+ 184 My father adjured me, saying, Behold, I am going to die. In my grave, which I dug for myself in the land of Canaan, there you shall bury me. So now, please let me go up and bury my father and return. Bereshit 50:5


+ 131 And Pharaoh said, Go up and bury your father as he adjured you. Bereshit 50:6


+ 157 So Joseph went up to bury his father, and all Pharaoh's servants, the elders of his house, and all the elders of the land of Egypt went up with him, Bereshit 50:7


+ 152 And Joseph returned to Egypt, he and his brothers, and all who had gone up with him to bury his father, after he had buried his father. Bereshit 50:14


+ 96 And the Egyptians were busy burying because the Lord had struck down their firstborn and had wrought vengeance against their deities. Bamidbar 33:4


+ 115 But you shall not leave his body on the pole overnight. Rather, you shall bury him on that [same] day, for a hanging [human corpse] is a blasphemy of God, and you shall not defile your land, which the Lord, your God, is giving you as an inheritance. Devarim 21:23


+ 101 My mother was a Bloomsbury figure: a great friend of TS Eliot, Duncan Grant, Vanessa Bell. My grandmother, Mary Hutchinson, gave her life to works of art, being an admirer of Matisse and Giaometti, whom I collected as a young man because of her. Jacob Rothschild


+ 131 “What are the dead, anyway, but waves and energy? Light shining from a dead star? That, by the way, is a phrase of Julian's. I remember it from a lecture of his on the Iliad, when Patroklos appears to Achilles in a dream. There is a very moving passage where Achilles overjoyed at the sight of the apparition – tries to throw his arms around the ghost of his old friend, and it vanishes. The dead appear to us in dreams, said Julian, because that's the only way they can make us see them; what we see is only a projection, beamed from a great distance, light shining at us from a dead star… Which reminds me, by the way, of a dream I had a couple of weeks ago. I found myself in a strange deserted city – an old city, like London – underpopulated by war or disease. It was night; the streets were dark, bombed-out, abandoned. For a long time, I wandered aimlessly – past ruined parks, blasted statuary, vacant lots overgrown with weeds and collapsed apartment houses with rusted girders poking out of their sides like ribs. But here and there, interspersed among the desolate shells of the heavy old public buildings, I began to see new buildings, too, which were connected by futuristic walkways lit from beneath. Long, cool perspectives of modern architecture, rising phosphorescent and eerie from the rubble. I went inside one of these new buildings. It was like a laboratory, maybe, or a museum. My footsteps echoed on the tile floors.There was a cluster of men, all smoking pipes, gathered around an exhibit in a glass case that gleamed in the dim light and lit their faces ghoulishly from below. I drew nearer. In the case was a machine revolving slowly on a turntable, a machine with metal parts that slid in and out and collapsed in upon themselves to form new images. An Inca temple… click click click… the Pyramids… the Parthenon. History passing beneath my very eyes, changing every moment. 'I thought I'd find you here,' said a voice at my elbow. It was Henry. His gaze was steady and impassive in the dim light. Above his ear, beneath the wire stem of his spectacles, I could just make out the powder burn and the dark hole in his right temple. I was glad to see him, though not exactly surprised. 'You know,' I said to him, 'everybody is saying that you're dead.' He stared down at the machine. The Colosseum… click click click… the Pantheon. 'I'm not dead,' he said. 'I'm only having a bit of trouble with my passport.' 'What?' He cleared his throat. 'My movements are restricted,' he said. 'I no longer have the ability to travel as freely as I would like.' Hagia Sophia. St. Mark's, in Venice. 'What is this place?' I asked him. 'That information is classified, I'm afraid.' 1 looked around curiously. It seemed that I was the only visitor. 'Is it open to the public?' I said. 'Not generally, no.' I looked at him. There was so much I wanted to ask him, so much I wanted to say; but somehow I knew there wasn't time and even if there was, that it was all, somehow, beside the point. 'Are you happy here?' I said at last. He considered this for a moment. 'Not particularly,' he said. 'But you're not very happy where you are, either.' St. Basil's, in Moscow. Chartres. Salisbury and Amiens. He glanced at his watch. 'I hope you'll excuse me,' he said, 'but I'm late for an appointment.' He turned from me and walked away. I watched his back receding down the long, gleaming hall.” ? Donna Tartt, The Secret History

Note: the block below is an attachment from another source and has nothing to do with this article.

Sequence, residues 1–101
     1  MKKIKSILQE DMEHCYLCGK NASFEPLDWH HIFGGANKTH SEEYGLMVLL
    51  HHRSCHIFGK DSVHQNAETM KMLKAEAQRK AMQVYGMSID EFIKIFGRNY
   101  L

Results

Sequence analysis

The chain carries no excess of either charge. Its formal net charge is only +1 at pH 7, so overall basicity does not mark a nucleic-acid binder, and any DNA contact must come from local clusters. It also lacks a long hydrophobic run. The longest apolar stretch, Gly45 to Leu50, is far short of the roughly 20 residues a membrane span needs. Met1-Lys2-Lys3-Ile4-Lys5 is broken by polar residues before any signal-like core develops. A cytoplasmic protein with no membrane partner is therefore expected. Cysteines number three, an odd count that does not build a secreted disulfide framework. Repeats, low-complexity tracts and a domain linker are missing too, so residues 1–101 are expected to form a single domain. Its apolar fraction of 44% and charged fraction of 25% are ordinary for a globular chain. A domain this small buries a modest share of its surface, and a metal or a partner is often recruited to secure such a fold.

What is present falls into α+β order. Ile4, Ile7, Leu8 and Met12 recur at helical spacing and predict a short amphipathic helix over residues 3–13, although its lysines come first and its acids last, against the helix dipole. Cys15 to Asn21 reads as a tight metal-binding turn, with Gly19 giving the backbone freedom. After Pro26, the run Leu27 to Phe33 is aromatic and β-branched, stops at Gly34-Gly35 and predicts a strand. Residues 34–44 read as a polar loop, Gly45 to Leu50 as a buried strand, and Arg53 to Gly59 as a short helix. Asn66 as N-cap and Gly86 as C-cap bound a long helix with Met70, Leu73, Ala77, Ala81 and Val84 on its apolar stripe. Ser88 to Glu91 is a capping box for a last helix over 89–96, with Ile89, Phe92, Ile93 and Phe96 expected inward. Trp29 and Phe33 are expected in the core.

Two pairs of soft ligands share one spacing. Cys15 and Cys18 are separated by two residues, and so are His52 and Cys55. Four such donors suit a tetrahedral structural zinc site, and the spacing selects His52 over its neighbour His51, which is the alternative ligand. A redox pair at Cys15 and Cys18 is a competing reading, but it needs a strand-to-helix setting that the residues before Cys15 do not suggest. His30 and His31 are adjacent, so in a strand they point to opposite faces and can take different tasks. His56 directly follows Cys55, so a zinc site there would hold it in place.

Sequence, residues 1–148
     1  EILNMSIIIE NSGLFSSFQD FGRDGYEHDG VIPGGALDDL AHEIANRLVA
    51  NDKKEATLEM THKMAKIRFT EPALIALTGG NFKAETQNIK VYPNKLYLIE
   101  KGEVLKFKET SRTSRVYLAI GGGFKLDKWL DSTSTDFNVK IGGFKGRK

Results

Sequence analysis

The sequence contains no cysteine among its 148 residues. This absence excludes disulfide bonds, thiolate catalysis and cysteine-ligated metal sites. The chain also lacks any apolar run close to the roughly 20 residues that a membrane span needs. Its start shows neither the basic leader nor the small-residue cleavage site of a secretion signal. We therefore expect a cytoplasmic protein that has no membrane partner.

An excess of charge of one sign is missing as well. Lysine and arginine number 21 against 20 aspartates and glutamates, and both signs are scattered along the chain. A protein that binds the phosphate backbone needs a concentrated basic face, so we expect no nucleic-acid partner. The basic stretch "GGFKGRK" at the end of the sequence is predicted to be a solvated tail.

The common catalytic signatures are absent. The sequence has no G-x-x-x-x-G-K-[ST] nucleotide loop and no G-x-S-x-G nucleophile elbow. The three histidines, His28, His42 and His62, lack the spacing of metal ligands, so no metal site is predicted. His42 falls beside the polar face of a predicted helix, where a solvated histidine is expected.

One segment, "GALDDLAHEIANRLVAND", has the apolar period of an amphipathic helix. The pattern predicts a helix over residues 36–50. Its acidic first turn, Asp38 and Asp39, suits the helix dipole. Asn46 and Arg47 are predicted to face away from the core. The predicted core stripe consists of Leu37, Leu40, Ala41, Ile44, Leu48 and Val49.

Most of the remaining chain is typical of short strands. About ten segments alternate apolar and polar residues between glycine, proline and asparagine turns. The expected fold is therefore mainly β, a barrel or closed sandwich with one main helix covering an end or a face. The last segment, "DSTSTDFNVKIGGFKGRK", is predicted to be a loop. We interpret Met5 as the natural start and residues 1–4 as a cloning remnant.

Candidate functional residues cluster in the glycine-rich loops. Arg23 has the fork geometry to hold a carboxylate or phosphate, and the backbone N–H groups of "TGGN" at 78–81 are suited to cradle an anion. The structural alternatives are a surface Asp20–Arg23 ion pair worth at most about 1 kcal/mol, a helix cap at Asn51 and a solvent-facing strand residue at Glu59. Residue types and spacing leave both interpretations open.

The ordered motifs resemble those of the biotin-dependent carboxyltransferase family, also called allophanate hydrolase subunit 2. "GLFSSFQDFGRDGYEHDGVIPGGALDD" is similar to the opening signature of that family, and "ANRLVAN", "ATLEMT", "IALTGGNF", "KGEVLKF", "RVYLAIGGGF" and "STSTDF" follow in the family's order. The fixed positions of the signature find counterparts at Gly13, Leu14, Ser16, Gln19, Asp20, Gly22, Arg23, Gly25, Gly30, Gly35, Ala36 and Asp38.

+ 118 You ask Why to a lot of things and you wind up very unhappy indeed, if you keep at it. Ray Bradbury, Fahrenheit 451